For 12 years any major tech IPO has been accompanied by chilling comparisons to the giddy days of 1999. "This is just like 1999 when anything.com could go public and day-trading kids in the copy room were sought out for their investing insights," we are warned, then "the tech bubble burst and fortunes built of dot-com sand were washed into the sea."
Stop it. This isn't 1999. If Twitter does a 2 for 1 trade ten minutes after going public this still won't be 1999. Zor Capital managing director Joe Fahmy scoffs at the comparison, noting that most of the analysts comparing today to the '90s were in high school at the time. It's the Gen X version of the Boomers' claim "if you remember Woodstock then you weren't there." If you remember the 1990s, you know it wasn't anything like this.
Even if investors are putting money into stocks again, they're doing so at a more measured pace and with lower expectations. In essence, the Fed is dragging them into stocks by ruining every other form of investment. "Psychology-wise there are a lot of people who still hate the market," Fahmy says in the attached clip. "Between the dot.com collapse and the financial collapse of '08, they're completely turned off."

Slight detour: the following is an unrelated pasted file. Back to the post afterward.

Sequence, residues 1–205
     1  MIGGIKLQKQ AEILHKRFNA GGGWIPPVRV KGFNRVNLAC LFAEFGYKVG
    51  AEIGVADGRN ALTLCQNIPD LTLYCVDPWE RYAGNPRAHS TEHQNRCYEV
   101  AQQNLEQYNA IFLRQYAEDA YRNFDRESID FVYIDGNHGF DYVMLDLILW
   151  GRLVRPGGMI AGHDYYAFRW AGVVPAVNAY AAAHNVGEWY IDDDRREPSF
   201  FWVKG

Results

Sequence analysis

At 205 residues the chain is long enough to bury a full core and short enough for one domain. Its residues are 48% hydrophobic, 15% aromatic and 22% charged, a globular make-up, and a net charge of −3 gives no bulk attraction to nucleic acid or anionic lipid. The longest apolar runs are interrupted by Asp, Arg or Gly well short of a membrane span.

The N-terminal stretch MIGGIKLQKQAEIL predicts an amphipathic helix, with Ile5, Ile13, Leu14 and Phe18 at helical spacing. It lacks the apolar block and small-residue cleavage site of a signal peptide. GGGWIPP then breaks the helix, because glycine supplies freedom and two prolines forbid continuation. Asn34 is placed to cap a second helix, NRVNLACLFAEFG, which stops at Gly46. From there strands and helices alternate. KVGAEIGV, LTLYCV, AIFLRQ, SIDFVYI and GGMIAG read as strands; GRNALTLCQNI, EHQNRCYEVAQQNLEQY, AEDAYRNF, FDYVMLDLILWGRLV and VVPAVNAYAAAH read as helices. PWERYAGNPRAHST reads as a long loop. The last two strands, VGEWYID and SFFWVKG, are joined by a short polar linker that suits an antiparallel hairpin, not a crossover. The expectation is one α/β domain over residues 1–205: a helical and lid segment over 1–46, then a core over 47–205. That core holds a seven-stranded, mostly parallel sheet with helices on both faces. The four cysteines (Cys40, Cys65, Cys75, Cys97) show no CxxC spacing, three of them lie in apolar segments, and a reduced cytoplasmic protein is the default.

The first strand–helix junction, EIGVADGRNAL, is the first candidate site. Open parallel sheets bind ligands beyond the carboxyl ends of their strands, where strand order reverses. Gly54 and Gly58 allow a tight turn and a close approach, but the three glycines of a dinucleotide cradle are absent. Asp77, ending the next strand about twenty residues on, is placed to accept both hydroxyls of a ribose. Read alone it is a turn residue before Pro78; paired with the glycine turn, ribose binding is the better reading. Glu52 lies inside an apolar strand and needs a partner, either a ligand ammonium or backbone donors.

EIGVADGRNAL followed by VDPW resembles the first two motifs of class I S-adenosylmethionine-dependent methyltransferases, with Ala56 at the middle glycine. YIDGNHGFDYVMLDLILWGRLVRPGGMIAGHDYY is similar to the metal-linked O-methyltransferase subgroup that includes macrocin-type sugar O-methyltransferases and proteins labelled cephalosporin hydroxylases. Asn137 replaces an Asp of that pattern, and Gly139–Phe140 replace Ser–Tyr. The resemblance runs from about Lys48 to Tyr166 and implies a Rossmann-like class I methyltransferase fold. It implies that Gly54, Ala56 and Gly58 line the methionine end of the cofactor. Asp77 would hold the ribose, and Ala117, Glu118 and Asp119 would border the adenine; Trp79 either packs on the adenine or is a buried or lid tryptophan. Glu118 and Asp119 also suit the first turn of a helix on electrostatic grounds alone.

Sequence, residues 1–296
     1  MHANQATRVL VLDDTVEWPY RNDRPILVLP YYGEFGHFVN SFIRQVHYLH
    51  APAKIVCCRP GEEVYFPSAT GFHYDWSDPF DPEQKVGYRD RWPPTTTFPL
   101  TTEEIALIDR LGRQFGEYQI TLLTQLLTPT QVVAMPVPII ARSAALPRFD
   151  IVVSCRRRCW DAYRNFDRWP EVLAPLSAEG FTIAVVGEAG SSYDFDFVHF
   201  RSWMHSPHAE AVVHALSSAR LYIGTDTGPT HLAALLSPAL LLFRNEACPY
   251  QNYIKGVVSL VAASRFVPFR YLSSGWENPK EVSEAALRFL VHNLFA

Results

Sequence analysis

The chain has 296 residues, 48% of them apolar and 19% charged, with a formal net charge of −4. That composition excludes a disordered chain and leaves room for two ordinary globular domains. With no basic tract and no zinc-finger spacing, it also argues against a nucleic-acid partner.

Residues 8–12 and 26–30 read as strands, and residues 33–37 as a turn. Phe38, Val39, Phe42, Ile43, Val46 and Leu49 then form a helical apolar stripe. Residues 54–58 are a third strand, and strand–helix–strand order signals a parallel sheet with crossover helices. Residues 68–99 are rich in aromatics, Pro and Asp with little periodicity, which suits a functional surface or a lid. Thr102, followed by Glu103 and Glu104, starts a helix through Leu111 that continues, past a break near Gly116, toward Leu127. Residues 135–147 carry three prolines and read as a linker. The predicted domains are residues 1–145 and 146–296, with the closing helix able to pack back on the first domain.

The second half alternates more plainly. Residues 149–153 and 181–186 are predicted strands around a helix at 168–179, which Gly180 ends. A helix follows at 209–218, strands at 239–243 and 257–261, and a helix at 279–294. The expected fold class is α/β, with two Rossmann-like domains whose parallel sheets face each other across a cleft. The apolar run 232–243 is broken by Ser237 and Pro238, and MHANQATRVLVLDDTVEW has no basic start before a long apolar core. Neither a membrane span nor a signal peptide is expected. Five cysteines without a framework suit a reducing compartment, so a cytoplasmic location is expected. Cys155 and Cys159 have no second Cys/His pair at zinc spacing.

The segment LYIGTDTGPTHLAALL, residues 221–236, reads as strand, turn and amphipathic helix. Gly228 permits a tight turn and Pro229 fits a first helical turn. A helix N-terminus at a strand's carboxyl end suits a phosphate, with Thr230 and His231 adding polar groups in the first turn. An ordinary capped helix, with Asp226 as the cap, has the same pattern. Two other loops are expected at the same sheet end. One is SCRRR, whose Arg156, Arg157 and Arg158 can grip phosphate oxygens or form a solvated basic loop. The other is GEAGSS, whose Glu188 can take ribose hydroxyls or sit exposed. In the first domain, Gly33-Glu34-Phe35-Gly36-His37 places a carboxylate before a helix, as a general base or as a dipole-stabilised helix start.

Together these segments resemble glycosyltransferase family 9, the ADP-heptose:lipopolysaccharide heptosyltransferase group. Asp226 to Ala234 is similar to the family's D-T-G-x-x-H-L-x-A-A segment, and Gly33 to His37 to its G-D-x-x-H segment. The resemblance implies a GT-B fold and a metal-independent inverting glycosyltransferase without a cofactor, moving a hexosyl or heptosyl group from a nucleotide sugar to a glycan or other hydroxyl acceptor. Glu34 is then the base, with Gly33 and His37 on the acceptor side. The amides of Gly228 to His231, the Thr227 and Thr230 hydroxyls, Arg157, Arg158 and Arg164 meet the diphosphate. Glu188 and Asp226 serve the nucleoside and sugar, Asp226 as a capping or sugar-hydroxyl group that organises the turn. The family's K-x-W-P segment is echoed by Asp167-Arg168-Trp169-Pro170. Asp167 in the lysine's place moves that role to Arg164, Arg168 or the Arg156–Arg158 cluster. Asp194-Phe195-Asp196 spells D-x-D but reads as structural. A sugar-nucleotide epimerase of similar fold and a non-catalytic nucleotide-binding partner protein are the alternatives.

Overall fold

Stocks aren't cheap, but they have about another 50% to run before we get to '90s-era multiples on S&P500 (^GSPC) earnings. The PE ratio in early 2000 was over 30x. Today it's under 20. Stocks are expensive and earnings have lagged gains in the market, but a little perspective is required.Read More »from Hate to Burst Your Bubble, but This Market Isn’t ‘Like 1999′ Says Fahmy